August 22, 2014

babyspeight:

restlesslochness:

natnovna:

"obama is fuckin up"

true 

"should have voted for the other guy"

FALSE 

No. We should have voted for the other guy you twats. Were all fucking doomed now.

image

image

At last I know why irons have those stupid warning labels.

(via lawlschool-adventures)

August 21, 2014
Women are sharing their comebacks to instances of everyday sexism

veganpoopxvx:

dingdongno:

and it’s amazing

image

but wait there’s moreimage

omg and then image

from (x)

Yes

(via wordsbetweenthelines)

August 21, 2014

(Source: benwhyett, via tryingtobefascinating)

August 21, 2014
violencegirl:

aint-got-nothin-at-all:

boobsbirdsbotany:


Real life “Rosie the Riveter” - Tennessee, 1943.
From the Library of Congress collection, 1930’s-1940’s in Color. 

GLORIFY THE SHIT OUT OF THIS IMAGE

!!!!!!!!

Painting a more accurate version of history, one reblog at a time.
When I posted this archival image of a “real life Rosie the Riveter” one year ago, I had no idea it would resonate with so many people. 19K and counting. 

violencegirl:

aint-got-nothin-at-all:

boobsbirdsbotany:

Real life “Rosie the Riveter” - Tennessee, 1943.

From the Library of Congress collection, 1930’s-1940’s in Color

GLORIFY THE SHIT OUT OF THIS IMAGE

!!!!!!!!

Painting a more accurate version of history, one reblog at a time.

When I posted this archival image of a “real life Rosie the Riveter” one year ago, I had no idea it would resonate with so many people. 19K and counting. 

(via wearyruler)

August 20, 2014
"I am not Mike Brown. I am white. I am middle class. I am female. I am small. I am not considered a threat. When police see me they see someone who looks like them. They see their mothers, their daughters, their sisters, themselves. I am not at risk of being shot by police for existing while black. I am not at risk of being shot while unarmed. I am not at risk of being shot while armed with nothing more than a BB gun. I am not at risk of being shot for reaching for my wallet. I am privileged.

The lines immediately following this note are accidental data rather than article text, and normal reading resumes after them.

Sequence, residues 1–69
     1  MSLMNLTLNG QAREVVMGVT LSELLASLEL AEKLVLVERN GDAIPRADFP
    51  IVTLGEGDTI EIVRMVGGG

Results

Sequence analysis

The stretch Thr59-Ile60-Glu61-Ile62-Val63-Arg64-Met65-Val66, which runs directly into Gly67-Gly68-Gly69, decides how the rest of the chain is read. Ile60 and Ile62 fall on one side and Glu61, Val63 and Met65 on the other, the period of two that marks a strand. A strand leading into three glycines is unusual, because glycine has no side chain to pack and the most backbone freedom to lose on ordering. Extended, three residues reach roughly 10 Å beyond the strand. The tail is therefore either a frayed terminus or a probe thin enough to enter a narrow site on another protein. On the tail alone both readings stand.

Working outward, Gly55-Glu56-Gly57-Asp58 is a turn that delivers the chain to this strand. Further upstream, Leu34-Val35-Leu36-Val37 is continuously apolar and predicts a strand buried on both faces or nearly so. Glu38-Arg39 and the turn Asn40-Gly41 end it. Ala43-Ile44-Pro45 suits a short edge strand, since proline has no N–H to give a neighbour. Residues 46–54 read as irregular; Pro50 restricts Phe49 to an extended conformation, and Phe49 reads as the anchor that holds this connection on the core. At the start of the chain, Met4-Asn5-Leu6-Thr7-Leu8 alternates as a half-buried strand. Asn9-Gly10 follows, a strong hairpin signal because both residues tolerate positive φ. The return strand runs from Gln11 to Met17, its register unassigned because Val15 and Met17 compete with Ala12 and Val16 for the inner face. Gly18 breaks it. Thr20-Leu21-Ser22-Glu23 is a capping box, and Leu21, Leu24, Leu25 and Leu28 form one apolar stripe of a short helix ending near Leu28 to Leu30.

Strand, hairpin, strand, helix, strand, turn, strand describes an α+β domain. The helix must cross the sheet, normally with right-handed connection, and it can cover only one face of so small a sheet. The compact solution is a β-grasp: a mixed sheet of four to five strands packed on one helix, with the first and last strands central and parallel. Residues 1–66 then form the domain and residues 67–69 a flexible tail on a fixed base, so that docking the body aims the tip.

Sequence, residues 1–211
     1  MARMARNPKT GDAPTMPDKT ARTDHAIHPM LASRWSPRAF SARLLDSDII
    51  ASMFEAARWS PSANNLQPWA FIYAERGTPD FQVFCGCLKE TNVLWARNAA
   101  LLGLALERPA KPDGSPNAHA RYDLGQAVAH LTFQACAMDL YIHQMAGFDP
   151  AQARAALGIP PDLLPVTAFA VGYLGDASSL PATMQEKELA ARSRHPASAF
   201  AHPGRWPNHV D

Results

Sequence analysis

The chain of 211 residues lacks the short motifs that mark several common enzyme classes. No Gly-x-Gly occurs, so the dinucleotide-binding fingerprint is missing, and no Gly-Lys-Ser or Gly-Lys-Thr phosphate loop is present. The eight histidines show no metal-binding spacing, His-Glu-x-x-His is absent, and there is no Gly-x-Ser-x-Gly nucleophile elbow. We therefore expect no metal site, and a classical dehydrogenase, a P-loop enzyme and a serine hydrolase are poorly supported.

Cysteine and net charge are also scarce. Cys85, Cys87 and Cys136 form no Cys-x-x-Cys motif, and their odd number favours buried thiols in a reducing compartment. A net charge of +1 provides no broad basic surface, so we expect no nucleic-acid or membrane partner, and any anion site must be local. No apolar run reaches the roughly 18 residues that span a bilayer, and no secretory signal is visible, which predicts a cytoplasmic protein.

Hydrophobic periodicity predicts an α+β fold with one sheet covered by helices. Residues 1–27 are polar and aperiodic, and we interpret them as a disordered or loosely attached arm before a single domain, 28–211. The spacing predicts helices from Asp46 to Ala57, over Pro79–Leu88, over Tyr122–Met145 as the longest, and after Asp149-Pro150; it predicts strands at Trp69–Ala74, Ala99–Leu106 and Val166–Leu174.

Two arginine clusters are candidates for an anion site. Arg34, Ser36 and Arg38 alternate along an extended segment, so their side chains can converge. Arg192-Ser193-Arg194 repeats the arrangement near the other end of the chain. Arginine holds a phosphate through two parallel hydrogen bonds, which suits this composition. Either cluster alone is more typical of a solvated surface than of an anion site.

But I am outraged. And if you aren’t outraged, then you aren’t paying attention. This is America in 2014. This is our reality. It’s so easy to get jaded and to ignore these atrocities, to act like this doesn’t affect us. It’s so easy to get apathetic. In the past it was the youth who protested. Where is the rage of the youth? Where is our rage?
Like I said, I am not Mike Brown. But I am outraged."

: I am not Mike Brown. (via asgardian-feminist)

(via fuckyeahwomenprotesting)

August 16, 2014
maximumbuttitude:

stunningpicture:

In very rare circumstances it is possible to see a full 360 degree rainbow from an airplane

target locked. firing lesbian ray

maximumbuttitude:

stunningpicture:

In very rare circumstances it is possible to see a full 360 degree rainbow from an airplane

target locked. firing lesbian ray

(via wordsbetweenthelines)

August 10, 2014
Remembering I still have a full year of law school left

12b6:

August 9, 2014
That Crazy Crippled Chick: This Is What Disability Binarism Looks Like

I exist on the grey area of disability, the part where things are neither black nor white.  I am neither wholly visibly disabled, nor wholly invisibly disabled.  I walk on my own, and yet, I use a wheelchair.  More people are with me in the grey area than you think.  Not everything is black and white.  And that is the core of disability binarism - the concept that things are all or nothing - you are either low-functioning or high functioning.  You’re either “wheelchair bound” or you can walk.  You’re either totally deaf, or you hear fine.  Get the picture?

Disability binarism p*sses me off.”

(Source: chronicillnessproblems)

August 9, 2014
Catching up with friends who aren’t as professionally successful but are still way happier

whatshouldlawbroscallme:

August 8, 2014

skunkbear:

So photographer David Slater wants Wikipedia to remove a monkey selfie that was taken with his camera. As you can see from this screen shot, Wikipedia says no: the monkey pressed the shutter so it owns the copyright.

We got NPR’s in-house legal counsel, Ashley Messenger, to weigh in. She said:

Traditional interpretation of copyright law is that the person who captured the image owns the copyright. That would be the monkey. The photographer’s best argument is that the monkey took the photo at his direction and therefore it’s work for hire. But that’s not a great argument because it’s not clear the monkey had the intent to work at the direction of the photographer nor is it clear there was “consideration” (value) exchanged for the work. So… It’s definitely an interesting question! Or the photographer could argue that leaving the camera to see what would happen is his work an therefore the monkey’s capture of the image was really the photographer’s art, but that would be a novel approach, to my knowledge.

(via npr)

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